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Historic Cemetery Symbols: Roses

(photo by Tui Snider)
(photo by Tui Snider)

What does a rosebud signify on a headstone?

ROSE: Not only do roses represent earthly passion (just think how many are given at Valentine’s Day) but they also stand for heavenly perfection.

When carved on a headstone, roses nearly always have 3 leaves. A quick look at my backyard rose bush confirmed that this is not botanically accurate! Symbolically, however, this trio of leaves represents the holy trinity: Father, Son, and Holy Spirit.

Rosebuds most often appear on the graves of children and teens as a way of expressing that they were not able to achieve their full potential. A single blossom, such as the one in the photo above, usually signifies the passing of a young woman.

Field Guide to Cemetery Symbolism

Do you enjoy visiting historic graveyards? Are you intrigued by cemetery symbols, too? Drop by each Tuesday, when I will be posting about a headstone symbol and what it represents. I am currently writing a book on the topic, and will be sharing tidbits along the way.

To read related posts, click on the “Historic Cemetery Symbols” tab on the menu bar at the top of this page. And if you’d like to be the first to read my field guide to historic graveyards, scroll down and sign up for my newsletter!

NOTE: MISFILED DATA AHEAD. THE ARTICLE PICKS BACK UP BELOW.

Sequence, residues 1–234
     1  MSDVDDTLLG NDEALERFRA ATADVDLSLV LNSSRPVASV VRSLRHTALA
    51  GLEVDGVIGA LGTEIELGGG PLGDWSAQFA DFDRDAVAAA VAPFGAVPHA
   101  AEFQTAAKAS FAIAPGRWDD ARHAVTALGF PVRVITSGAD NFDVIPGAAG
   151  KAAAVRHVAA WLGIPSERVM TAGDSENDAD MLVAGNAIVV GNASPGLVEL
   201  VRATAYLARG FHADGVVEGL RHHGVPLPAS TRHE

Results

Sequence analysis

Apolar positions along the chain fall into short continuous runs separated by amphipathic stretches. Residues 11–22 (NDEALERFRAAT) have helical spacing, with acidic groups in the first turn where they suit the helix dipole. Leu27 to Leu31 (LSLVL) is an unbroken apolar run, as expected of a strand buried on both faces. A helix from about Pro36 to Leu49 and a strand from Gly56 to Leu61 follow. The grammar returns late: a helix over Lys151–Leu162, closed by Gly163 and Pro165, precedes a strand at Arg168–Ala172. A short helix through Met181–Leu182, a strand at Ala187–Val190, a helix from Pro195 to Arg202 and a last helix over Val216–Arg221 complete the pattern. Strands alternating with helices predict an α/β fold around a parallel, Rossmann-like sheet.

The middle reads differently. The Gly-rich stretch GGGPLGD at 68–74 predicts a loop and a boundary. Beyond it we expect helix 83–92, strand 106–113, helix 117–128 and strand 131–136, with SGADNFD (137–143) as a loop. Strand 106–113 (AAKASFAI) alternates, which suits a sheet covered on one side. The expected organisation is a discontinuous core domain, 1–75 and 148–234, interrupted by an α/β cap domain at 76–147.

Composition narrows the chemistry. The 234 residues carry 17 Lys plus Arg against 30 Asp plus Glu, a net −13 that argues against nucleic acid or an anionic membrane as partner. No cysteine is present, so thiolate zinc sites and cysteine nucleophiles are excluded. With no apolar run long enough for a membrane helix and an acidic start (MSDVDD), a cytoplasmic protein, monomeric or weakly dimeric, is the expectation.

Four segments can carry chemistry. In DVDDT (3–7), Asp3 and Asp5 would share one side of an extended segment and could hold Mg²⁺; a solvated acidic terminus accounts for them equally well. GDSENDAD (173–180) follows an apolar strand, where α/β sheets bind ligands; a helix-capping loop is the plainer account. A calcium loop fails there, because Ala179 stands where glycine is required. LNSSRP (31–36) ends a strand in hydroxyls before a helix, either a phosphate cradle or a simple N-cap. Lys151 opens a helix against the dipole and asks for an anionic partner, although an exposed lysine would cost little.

Want to read more?

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For ghost hunting hot spots, check out my best selling travel guide to haunted places: Paranormal Texas.
For a strange-but-true tale of Texas history, check out: The Lynching of the Santa Claus Bank Robber. Happy travels!

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Tui Snider having fun on a Texas road trip!
Tui Snider having fun on a Texas road trip!

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Published inCemeteries & SymbolismHistoric Cemeteries


  1. I, too, am fascinated by these symbols and appreciate your sharing the information…love to walk through cemeteries, but will enjoy it more now knowing what some of these symbols represent.

    • Tui Snider Tui Snider

      That’s wonderful to hear, Connie! Your response is exactly why I share these posts about the meaning behind various cemetery symbols. Thank you! :)

    • Tui Snider Tui Snider

      I know, Virginia! Historic graveyards are full of stories, and some of them are truly heartbreaking. :(

  2. Barbara Barbara

    I’ve really enjoyed and learned a lot about cemetery symbolism from your posts. Thanks for doing all the research on it. I wonder if the funeral directors, or even the stonecutters for the markers know all this? Do they make suggestions to people. Well, this has been going on forever, I suppose. Maybe it’s just me that had no idea about what the engravings/carvings meant.

    • Tui Snider Tui Snider

      Hey, Barbara! I’m so glad to hear that you are enjoying my posts on cemetery symbols. There are so many interesting historic graveyards here in Texas, but I soon found that I didn’t know what all the imagery and symbols meant. It’s been so fun to learn about.

      Like you, I’m curious how much emphasis modern day funeral directors place on these symbols. My friend’s relative is in the business, however, and he said she has an excellent book on cemetery symbols that I need to see. I’ll let you know how it goes! :)

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